New York Attorney General Eric Schneiderman said Tuesday that he is opening an inquiry into the Trump Foundation, a nonprofit that has been under the spotlight recently after a series of reports by The Washington Post raised questions about its operating methods.
Schneiderman’s office already has a lawsuit going against Trump University, a now-defunct program in which “students” paid thousands of dollars to learn the mogul so-called secrets of real estate investing. He has called Trump U a “scam.”
However, public statements that Schneiderman has made about Trump raise questions about whether the attorney general is motivated by a desire to see justice done or whether the pursuit of his fellow New Yorker is a politically motivated and highly personal vendetta.
Last July, The Forward, a newspaper and website serving New York’s Jewish community, quoted Schneiderman as saying in a written statement: “As a Democrat and a Jewish American, I feel that I have a duty to help prevent such a dangerous, offensive, and grossly uninformed individual from occupying the Oval Office.”
The New York attorney general went on to say, according to The Forward story by Josh Nathan-Kazis, that Trump has “made appalling overtures to the most bigoted, ignorant segments of our society: giving explicit endorsement to anti-Semitic imagery, displaying a lack of respect for women over the course of decades, and espousing anti-immigrant policies that ignore the Constitution and threaten the fabric of our democracy.”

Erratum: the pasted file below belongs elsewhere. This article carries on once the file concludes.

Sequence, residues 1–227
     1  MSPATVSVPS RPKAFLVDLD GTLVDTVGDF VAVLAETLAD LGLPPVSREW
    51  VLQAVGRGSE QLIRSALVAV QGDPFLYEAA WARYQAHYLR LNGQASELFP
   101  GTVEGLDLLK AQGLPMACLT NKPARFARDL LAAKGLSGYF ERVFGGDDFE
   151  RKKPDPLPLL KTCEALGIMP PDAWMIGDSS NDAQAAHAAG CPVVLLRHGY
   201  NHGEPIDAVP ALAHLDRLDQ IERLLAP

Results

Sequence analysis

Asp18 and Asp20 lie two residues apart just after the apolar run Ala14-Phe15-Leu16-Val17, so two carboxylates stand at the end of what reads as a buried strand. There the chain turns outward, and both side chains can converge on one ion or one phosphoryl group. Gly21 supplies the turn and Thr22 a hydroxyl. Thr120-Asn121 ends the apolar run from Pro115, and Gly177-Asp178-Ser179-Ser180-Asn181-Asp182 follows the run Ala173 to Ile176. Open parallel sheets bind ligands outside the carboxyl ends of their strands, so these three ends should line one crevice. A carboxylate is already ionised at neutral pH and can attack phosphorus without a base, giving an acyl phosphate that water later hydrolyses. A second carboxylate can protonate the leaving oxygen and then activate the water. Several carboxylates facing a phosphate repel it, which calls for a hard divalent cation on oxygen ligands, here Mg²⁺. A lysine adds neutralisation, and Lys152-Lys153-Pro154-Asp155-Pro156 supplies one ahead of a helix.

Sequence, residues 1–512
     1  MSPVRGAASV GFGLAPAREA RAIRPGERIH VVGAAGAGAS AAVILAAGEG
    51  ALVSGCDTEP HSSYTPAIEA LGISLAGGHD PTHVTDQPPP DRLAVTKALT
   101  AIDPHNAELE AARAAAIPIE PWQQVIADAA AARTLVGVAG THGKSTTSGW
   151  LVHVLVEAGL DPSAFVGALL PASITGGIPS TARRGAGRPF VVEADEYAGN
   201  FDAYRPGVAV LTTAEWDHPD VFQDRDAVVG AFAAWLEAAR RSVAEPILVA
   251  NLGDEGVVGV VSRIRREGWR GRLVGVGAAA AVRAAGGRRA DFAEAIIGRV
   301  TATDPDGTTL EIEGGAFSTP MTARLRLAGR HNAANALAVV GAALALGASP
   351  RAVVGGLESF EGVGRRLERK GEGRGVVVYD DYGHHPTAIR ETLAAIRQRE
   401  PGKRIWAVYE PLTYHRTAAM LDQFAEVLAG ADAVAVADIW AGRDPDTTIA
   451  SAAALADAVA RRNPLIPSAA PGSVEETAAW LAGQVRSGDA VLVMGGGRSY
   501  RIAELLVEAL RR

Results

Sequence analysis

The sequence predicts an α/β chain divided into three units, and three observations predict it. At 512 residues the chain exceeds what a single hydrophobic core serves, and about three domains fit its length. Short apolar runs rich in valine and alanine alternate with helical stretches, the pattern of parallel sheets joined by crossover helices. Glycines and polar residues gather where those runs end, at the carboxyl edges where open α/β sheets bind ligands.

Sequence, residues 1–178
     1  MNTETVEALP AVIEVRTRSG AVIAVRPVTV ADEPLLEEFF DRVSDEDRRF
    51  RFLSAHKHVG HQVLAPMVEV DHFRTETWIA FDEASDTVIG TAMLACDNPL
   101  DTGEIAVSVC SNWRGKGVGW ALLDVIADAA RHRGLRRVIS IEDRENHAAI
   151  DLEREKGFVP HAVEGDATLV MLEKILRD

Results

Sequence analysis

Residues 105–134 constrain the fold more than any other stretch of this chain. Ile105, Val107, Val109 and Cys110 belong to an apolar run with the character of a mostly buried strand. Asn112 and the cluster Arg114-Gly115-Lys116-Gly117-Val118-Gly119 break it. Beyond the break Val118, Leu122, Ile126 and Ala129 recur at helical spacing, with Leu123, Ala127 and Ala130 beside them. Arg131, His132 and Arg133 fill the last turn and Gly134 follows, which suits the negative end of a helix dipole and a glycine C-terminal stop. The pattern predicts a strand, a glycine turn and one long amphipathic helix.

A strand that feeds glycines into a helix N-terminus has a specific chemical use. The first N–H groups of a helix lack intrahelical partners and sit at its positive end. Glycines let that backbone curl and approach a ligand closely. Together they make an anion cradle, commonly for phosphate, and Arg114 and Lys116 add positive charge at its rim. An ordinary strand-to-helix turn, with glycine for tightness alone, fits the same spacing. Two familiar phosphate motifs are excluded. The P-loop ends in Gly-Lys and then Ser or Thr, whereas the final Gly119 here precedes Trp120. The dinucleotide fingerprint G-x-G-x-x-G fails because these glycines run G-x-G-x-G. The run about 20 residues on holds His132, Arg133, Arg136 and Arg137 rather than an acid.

Schneiderman, who has been attorney general in New York since 2011, is a Democrat and Clinton supporter whom The Forward said is close to longtime liberal New York representative Gerald Nadler and is a likely candidate for governor in the future.
In an unusual op-ed in the New York Daily News last June, Schneiderman laid out the details of the fraud case his office has brought against Trump University, which he said was nothing more than “an unlicensed scheme that promised students could get rich quick by learning Trump’s ‘secret’ real estate tips from his ‘handpicked’ experts. Students were told that they would get ‘apprenticeship’ support, access to private funding sources and even a chance to meet Trump himself. Instead, our lawsuit shows, they got a high-pressure sales pitch. The three-day seminar started at $1,495, and recently released documents confirm that students were pressured to increase their credit card limits to enable them to pay as much as $35,000 for supposed special mentorship programs.”
The New York lawsuit claims that students of Trump U were defrauded of some $40 million, with $5 million going to Trump himself.
A Sept. 10 story in The Washington Post, titled “How Donald Trump retooled his charity to spend other people’s money,” said almost all the money the Trump Foundation doles out now comes from people other than Trump, who hasn’t contributed since 2008. The story also said the foundation claimed to have made contributions to five charities that had no record of any donations.
By Tuesday, the Post had partially walked back that story: in one instance, the foundation said it had made a mistake and listed a contribution to a charity with the same name but located in a different state. In two other instances, charities that said they had not received donations rechecked their records and found that they had. But the larger story stayed the same.
Earlier this year, the IRS fined the Trump Foundation $2,500 over an illegal $25,000 donation it made to a political action committee working to re-elect Florida Attorney General Pam Bondi, a vocal Trump supporter, in 2013. A short time after the donation, Bondi’s office declined to pursue an investigation of Trump University. But the Florida attorney general says she knew nothing of the potential inquiry.